Perhaps stung by the criticism of its docile passivity in the face of the Goodman affair, the Press Complaints Commission (PCC) in the UK has this week come to life, swinging into acting with at least three very important developments, covered in this post and the next two.
The first is a direct result of the fallout from the royal phone-tapping affair. This week’s Media Guardian reports that the
PCC plans to write to every newspaper and magazine editor to ask what controls they have in place to prevent the sort of “intrusive fishing expeditions” undertaken by Goodman and widely speculated to have become common practice among some Sunday tabloid journalists. It will then publish its conclusions, with possible options believed to include new best-practice guidelines and the setting up of new training courses to make journalists more aware of the code and the law.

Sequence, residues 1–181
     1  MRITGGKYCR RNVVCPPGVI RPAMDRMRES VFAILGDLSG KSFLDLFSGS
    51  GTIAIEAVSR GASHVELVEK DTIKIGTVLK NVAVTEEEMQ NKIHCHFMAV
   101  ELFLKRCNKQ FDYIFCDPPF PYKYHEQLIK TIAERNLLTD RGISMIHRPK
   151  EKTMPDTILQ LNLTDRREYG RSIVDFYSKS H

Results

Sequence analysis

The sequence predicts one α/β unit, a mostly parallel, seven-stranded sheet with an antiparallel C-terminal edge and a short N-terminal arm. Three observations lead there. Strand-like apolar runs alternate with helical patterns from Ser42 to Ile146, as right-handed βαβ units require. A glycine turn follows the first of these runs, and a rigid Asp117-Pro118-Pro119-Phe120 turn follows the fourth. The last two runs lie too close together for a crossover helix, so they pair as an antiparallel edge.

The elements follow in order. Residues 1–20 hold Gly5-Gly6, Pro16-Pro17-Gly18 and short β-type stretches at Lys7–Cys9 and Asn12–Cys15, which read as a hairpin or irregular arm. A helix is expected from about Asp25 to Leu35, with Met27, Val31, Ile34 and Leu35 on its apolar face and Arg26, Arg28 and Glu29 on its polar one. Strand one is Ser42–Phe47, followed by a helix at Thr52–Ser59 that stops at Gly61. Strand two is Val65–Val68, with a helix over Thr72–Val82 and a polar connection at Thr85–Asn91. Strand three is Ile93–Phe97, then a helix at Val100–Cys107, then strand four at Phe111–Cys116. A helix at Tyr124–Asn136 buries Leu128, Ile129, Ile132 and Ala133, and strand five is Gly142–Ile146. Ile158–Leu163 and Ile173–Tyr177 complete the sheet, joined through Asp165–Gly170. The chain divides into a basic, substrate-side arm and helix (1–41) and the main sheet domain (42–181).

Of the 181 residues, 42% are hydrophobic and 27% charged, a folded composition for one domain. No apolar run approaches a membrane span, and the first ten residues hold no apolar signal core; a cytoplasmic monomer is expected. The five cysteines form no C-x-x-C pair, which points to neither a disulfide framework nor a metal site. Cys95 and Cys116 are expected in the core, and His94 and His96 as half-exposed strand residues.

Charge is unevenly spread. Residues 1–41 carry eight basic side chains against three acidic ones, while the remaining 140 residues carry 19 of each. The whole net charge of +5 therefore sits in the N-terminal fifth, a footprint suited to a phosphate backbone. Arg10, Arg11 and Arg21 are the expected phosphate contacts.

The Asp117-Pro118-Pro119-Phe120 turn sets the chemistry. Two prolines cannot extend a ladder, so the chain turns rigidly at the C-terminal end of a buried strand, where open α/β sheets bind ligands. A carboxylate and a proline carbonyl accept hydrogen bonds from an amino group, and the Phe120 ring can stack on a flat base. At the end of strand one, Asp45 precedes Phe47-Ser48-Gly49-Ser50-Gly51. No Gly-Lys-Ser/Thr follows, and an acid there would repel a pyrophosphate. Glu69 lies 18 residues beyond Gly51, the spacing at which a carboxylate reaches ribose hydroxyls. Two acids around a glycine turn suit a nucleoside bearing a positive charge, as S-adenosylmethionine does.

This is very welcome, but there is more than a whiff of stable doors and bolting horses about it. …